Beaufort News

Let the GOP run its own primary, local election officials say

Beaufort County election officials say South Carolina law doesn't require them to administer next year's Republican presidential primary, which they argue shouldn't be funded by taxpayers.

Local officials sent a letter Tuesday to the S.C. Election Commission with that message, pushing back against what they see as an usurpation of county power.

The commission intends to conduct February's GOP primary -- and a Democratic one, if needed -- and it plans to enlist local election boards for help.

Scott Marshall, executive director of the county Board of Elections and Voter Registration, argues the commission doesn't have the legal authority to issue such a mandate or commit local tax dollars.

In 2004 and before, political parties ran their own primaries independent of the state. The S.C. legislature passed a law in 2007 that required the state commission to conduct 2008 primaries.

"Both parties were having high-profile presidential primaries, and there was a desire amongst members of the general assembly to have the primaries run by election professionals," said commission spokesman Chris Whitmire.

The question is whether that law -- and the authority it grants the commission -- expired after 2008, or whether it still applies.

S.C. Attorney General Alan Wilson held in a June opinion that even though the law specifically refers to "the 2008 election cycle," it still is on the books and in effect. Wilson also suggested the legislature intended the law to be permanent.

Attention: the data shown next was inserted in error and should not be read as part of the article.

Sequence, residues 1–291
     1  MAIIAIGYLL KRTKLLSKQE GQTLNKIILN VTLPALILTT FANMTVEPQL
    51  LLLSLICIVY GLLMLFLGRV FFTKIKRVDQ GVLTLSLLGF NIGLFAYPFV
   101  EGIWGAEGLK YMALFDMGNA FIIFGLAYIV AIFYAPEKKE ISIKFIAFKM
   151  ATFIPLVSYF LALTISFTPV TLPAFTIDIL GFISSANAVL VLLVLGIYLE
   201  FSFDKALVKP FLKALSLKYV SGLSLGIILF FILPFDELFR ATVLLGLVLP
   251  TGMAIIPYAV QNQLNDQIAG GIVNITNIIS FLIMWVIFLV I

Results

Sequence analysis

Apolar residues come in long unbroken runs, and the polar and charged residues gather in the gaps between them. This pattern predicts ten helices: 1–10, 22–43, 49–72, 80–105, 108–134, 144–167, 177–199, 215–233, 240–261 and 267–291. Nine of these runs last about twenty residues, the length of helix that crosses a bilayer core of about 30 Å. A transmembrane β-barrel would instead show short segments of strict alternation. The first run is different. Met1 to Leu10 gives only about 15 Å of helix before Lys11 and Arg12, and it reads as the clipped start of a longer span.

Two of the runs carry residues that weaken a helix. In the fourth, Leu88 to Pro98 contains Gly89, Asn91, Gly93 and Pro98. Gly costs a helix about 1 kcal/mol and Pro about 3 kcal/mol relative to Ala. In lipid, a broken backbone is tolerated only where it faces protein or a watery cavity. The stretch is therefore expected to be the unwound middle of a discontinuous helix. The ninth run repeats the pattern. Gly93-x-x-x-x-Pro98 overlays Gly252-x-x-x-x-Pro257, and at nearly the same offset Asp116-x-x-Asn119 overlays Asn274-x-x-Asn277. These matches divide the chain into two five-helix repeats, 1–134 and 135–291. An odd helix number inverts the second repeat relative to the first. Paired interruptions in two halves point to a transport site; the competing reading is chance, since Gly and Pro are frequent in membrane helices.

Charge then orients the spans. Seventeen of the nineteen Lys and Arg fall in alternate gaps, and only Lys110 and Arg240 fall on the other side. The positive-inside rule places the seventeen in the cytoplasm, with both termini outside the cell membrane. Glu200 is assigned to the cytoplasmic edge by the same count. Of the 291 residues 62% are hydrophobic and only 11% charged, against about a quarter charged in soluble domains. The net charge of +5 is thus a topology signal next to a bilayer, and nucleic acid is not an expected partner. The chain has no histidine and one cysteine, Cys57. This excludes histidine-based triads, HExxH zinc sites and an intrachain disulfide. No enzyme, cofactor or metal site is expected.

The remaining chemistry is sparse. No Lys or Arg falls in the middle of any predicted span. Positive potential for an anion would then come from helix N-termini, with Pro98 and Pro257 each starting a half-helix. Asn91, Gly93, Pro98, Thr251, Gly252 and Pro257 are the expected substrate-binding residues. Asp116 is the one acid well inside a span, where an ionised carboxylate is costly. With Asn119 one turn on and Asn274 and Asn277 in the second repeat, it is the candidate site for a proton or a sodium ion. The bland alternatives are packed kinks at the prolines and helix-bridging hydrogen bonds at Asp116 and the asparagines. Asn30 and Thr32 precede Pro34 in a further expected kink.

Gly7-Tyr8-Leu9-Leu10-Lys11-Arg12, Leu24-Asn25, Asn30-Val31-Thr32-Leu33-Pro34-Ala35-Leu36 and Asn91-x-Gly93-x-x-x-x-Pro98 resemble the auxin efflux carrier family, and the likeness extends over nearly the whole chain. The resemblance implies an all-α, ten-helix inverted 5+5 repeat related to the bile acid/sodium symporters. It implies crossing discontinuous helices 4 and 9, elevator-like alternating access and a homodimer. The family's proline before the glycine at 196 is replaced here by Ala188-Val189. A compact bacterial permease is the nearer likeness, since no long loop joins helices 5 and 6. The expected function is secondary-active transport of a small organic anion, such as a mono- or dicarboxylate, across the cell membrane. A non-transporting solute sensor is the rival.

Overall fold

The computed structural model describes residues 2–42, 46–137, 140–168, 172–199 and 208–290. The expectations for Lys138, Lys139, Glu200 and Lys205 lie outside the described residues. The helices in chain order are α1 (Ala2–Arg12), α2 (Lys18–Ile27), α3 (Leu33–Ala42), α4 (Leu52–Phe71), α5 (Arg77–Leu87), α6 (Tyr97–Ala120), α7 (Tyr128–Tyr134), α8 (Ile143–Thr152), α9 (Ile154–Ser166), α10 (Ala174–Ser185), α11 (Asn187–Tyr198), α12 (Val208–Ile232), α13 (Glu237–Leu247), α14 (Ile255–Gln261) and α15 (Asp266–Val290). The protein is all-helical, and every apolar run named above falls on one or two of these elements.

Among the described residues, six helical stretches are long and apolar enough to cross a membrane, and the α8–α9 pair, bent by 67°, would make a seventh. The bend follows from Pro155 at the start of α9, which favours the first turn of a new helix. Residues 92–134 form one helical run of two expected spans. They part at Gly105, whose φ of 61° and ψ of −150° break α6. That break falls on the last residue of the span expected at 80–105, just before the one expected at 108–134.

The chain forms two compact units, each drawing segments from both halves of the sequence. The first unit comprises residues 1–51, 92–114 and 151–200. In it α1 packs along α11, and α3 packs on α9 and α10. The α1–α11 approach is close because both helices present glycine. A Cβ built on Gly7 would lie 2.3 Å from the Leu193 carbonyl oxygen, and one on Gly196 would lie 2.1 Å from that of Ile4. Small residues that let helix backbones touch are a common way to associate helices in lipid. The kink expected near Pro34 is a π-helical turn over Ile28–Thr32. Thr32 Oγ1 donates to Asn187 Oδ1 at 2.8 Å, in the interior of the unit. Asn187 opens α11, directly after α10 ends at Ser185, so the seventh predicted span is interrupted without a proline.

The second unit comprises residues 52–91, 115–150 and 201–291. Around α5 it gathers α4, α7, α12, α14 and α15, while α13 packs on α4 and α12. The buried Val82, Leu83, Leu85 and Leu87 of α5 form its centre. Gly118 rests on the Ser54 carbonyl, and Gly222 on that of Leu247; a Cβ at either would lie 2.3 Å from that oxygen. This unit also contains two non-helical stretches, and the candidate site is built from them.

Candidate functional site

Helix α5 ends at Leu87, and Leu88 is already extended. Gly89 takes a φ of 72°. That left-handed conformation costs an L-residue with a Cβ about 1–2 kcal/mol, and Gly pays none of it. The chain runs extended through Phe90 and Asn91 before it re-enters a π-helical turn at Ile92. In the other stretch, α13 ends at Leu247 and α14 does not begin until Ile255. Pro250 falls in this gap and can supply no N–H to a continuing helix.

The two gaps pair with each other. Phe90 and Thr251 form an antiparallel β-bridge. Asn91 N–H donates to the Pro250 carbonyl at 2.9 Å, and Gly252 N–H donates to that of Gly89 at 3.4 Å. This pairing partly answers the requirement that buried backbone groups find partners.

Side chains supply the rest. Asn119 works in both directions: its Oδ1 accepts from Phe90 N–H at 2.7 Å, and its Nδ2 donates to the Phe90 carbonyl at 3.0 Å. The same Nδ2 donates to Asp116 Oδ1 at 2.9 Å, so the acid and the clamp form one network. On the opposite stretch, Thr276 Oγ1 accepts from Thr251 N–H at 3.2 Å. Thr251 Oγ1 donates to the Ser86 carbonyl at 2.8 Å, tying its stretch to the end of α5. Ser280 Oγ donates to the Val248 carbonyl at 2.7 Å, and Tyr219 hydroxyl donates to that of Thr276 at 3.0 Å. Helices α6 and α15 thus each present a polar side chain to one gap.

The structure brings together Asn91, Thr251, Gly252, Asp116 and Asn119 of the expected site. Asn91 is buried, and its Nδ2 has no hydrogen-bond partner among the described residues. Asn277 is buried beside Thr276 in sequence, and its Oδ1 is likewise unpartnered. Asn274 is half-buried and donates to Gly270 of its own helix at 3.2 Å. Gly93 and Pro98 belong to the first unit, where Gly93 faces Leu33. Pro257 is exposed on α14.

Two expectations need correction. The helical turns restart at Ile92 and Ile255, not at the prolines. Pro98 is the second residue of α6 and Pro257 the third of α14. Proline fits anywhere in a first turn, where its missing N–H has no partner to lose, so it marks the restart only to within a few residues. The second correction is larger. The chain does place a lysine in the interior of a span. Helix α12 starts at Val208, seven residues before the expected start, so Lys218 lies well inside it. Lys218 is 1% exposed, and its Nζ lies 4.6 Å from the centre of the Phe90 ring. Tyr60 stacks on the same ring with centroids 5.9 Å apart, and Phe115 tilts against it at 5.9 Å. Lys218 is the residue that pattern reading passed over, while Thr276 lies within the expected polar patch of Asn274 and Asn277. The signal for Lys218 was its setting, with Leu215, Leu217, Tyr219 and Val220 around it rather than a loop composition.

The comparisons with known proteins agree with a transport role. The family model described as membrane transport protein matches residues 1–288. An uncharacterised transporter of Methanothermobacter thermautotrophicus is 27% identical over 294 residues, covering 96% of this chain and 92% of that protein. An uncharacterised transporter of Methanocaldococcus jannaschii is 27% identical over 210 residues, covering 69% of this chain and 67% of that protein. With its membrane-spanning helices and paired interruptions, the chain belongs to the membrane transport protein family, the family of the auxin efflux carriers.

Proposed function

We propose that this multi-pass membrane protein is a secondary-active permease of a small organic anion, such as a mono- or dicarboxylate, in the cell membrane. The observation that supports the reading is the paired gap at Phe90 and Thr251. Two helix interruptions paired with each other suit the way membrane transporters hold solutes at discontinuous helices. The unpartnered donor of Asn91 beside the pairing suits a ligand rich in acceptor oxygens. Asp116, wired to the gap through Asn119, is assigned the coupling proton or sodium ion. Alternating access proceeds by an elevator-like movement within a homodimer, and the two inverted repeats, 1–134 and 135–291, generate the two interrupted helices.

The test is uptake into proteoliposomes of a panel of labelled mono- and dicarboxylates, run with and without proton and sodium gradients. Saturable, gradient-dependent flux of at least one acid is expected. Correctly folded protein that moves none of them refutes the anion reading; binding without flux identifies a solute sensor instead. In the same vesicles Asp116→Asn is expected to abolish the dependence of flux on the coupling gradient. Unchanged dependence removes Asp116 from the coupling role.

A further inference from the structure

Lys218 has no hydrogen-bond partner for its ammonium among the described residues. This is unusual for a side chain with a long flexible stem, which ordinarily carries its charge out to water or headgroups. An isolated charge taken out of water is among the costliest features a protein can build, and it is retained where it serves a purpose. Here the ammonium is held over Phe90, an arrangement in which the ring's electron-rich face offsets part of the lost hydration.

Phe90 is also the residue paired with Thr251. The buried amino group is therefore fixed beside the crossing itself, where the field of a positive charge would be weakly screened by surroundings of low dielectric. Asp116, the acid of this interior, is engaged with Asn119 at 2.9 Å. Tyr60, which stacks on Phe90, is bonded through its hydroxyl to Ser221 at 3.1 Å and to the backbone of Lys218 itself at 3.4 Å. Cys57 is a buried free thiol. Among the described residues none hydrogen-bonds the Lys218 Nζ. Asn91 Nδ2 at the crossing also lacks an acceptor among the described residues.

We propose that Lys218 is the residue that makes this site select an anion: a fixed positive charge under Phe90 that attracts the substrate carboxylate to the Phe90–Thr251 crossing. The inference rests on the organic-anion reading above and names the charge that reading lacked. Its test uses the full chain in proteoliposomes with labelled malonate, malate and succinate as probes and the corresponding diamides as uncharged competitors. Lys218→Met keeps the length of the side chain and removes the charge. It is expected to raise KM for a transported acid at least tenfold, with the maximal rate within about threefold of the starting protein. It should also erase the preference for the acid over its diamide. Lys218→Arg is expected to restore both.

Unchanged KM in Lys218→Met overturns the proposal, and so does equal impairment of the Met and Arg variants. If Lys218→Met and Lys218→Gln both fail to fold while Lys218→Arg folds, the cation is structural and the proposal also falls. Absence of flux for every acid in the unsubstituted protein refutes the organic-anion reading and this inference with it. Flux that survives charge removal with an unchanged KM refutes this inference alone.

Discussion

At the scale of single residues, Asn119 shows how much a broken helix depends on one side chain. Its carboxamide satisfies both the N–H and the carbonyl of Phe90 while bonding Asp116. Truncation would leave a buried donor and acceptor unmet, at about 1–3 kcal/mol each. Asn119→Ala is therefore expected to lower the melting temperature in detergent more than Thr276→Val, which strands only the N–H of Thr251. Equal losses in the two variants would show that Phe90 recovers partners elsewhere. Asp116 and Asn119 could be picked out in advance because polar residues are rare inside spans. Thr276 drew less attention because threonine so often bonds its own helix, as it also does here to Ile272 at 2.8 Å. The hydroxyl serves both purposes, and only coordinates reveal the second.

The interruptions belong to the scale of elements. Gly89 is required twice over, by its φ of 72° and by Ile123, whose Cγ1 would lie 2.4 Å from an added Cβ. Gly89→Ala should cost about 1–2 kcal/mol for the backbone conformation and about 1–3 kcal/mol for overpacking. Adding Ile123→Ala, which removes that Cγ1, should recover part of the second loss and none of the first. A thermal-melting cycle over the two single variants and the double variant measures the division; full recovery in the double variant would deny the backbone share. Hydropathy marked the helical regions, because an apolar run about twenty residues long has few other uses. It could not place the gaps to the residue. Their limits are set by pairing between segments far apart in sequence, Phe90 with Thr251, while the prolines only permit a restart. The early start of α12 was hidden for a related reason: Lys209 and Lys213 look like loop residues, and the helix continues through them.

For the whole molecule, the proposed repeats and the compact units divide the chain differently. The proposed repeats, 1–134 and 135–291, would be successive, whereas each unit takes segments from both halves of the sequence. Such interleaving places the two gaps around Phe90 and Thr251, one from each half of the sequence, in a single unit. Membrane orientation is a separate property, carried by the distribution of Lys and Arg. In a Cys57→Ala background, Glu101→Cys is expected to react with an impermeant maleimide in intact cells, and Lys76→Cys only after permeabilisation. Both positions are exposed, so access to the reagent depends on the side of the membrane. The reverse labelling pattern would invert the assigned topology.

Beaufort County officials reject that conclusion.

At the Aug. 31 board meeting, Marshall called it a watershed moment and an overreach by the state agency.

"I've been here a little over two years, and that's not a long time," he said. "But in the short time I have been here, I've seen the state election commission repeatedly make decisions which impact counties and their voters directly without the moral or legal authority to do so."

Board members also object that county taxpayers might end up paying for some primary costs.

Whitmire said holding just the GOP primary -- the most probable outcome -- will cost the state about $1.3 million.

About half -- $680,000 -- is included in the state's budget, and the S.C. GOP has pledged to raise the rest through filing fees and private donations.

But the county does not receive reimbursement for some election expenses, such as employee overtime or repair to voting machines, Marshall said.

For instance, the 2010 general election cost the county $125,730, he told the board. Only $79,683 was reimbursed.

In an era of belt-tightening -- amid debates over school closures and employee furloughs -- taxpayers shouldn't spend a penny on a partisan primary, the letter to the state argues.

"We cannot in good conscience advocate the use of any Beaufort County fiscal resources to subsidize events for political parties when it is already a challenge to maintain day-to-day quality of life for our residents," officials wrote.

The (Columbia) State contributed to this report.

Follow reporter Kyle Peterson at twitter.com/EyeOnBeaufortCo.

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